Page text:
But my CA level always followed pretty well with what was happening in my body. As those started to come down, we could tell it was working. Throughout this journey, that’s been very helpful for me. I’ve been very fortunate that is always a good reading, because it can get really hard when you’re waiting 3 months to get scanned.
You’re like, “I’m going through basically hell with chemotherapy, and I don’t even know if this is working.”
It can be very frustrating, but being able to follow that helps. Then having the scan and seeing that the chemo was actually working. You take all of those little, small accomplishments.
Transitioning from chemo to surgery plans
The chemo was working really well and everything was shrinking down, so they referred me to a surgeon.
I went to speak with him. He looked at my scan, and he’s like, ‘I think you may qualify for this specialized surgery. It’s intense, but it’s probably your best hope for getting ahead of this.’
I was like, ‘Well, if I’m a candidate, I’m open to it.” I’m open to trying anything. I’m okay with being aggressive.
They sent my scan to a doctor in San Diego and had him review it. It came back that I did qualify for the surgery. There’s a lot of restrictions with this surgery. You can’t have any kind of anything going on with the lungs.
He did mention because of the tumor pressing up against my ureter, my left kidney, I was having some issues with that. He’s like, “If there’s any issues with your kidneys, they may decide that this is a no-go.” It was a very fine line of getting into that. The requirements are very specific as far as how you can qualify for this surgery.
Describe the type of surgery you underwent
It’s a very major surgery. It’s called hyperthermic intraperitoneal chemotherapy (HIPEC). Basically, the idea of this surgery is that they go in and debulk, which is removing any tumors or anything that they see.
Then after that, they take these 2 prongs they put in the abdomen, and then they close you up and run heated chemotherapy directly into the abdomen for 90 minutes to hopefully get rid of any cancer cells that they can’t see.
That’s the thing. Just because they get rid of the big stuff doesn’t necessarily mean you’re always in the clear. Cancers [and] tumors have to be a certain size before they start picking up on a scan.
They brought me in, and I went down to San Diego to see Dr. Lowe. He’s one of the top guys that does this type of surgery, which is about 3 hours away from where I live. We went down and met with him.
He and his team were, again, very amazing. I’ve been very fortunate that the people that I have decided to work with have that same idea of hope, with the goal of really trying to get you better.
What happened at the appointment with the surgeon?
I had my meeting with him, and we went over everything that was going to happen during the surgery. They were going to go in, and they were going to remove a section of my colon. I wasn’t going to need the colostomy bag, which I was really happy about.
He was removing my left ovary, and he actually gave me the option because I was so young at the time. He said typically he told his patients to take both ovaries because there would be a high chance of it spreading to the other ovary now that it’s been on one.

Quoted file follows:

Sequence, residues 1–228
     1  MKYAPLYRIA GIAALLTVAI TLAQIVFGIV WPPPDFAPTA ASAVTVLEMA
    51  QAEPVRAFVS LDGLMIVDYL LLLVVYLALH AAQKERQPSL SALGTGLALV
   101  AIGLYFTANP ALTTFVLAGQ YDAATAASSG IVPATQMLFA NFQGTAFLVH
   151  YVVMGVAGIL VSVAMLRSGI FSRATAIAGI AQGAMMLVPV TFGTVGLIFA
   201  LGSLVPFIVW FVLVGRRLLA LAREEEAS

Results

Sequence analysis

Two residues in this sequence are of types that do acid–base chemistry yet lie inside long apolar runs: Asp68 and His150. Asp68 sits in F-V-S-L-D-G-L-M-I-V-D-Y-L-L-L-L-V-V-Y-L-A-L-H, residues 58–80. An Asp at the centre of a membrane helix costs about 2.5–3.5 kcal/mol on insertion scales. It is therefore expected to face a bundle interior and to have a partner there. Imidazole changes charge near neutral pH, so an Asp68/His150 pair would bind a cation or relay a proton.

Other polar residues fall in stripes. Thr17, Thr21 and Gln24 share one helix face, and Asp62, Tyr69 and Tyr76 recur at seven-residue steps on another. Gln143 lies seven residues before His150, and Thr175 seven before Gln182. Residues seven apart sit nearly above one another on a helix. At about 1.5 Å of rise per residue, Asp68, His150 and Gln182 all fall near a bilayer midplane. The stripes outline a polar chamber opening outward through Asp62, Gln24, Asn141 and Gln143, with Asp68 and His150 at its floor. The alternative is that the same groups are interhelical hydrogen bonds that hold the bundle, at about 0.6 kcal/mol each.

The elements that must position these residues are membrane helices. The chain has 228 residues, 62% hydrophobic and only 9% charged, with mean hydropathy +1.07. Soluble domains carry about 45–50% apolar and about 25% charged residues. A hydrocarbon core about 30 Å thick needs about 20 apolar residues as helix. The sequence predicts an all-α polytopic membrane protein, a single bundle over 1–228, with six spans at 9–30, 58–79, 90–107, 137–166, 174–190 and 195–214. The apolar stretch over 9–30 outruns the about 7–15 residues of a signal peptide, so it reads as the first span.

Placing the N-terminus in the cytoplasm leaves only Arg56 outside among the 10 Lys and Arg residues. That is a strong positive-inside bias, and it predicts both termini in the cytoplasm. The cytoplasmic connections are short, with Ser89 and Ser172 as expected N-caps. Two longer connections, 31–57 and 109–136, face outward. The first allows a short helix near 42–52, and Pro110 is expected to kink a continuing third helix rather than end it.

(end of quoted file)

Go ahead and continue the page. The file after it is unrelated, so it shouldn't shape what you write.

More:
But he told me because I was so young, if I wanted, in case I planned on having more children, they could leave one ovary. I already had 2 kids, so I opted for just having my ovaries removed because I wanted to be safe.
We went over all of that, and then they were going to have to reconstruct my ureter because it had been touching the area of my tumor. That required a second surgeon to come in at some point during this surgery to do that part of it.
Describe the colon surgery (colectomy)
When I went in, it ended up being a 7.5-hour surgery. It’s probably one of the most intense things I’ve ever been through in my life.
Probably the hardest part was I ended up being there about a month after the surgery because — and this is kind of TMI — I wasn’t allowed to leave the hospital until I pooped, because they had done surgery on my colon.
My body was just like, ‘Nope, we’re not going to do it.’ It was a long wait.
The plan was for me to only be there 14 days afterwards. After the surgery, the timeline is kind of hard, because now I realized probably the first 3 days, I was really out of it.
I don’t remember much about those days other than what my husband’s told me. After that, I did experience some bloating in my stomach, and luckily it was just fluid. They were able to drain that.
Typically, you’re out within 14 days after the surgery, but I ended up almost exactly a month after before my body was like, “Okay, we’re ready.”
Dealing with a prolonged hospital stay
It was probably more mentally challenging than it was physically, just because I’m very stubborn. I’m wanting to get up and start moving around.
Mentally, it was taking a toll because I was 3 hours away from my family, so it wasn’t like they could come visit me every single day. I spent a lot of time by myself. That was really hard.
All in all, the surgery went really well. They got all of the cancer out that they could see. When I got that scan back and he said everything is clear, it was one of the most exciting days of my life.
Going to the bathroom after surgery
I had a catheter, and at the time, they had a tube. I had the GI tube in my stomach. That was basically my way of going to the bathroom, so I wasn’t actually using the toilet at all. I was hooked up to a ton of tubes.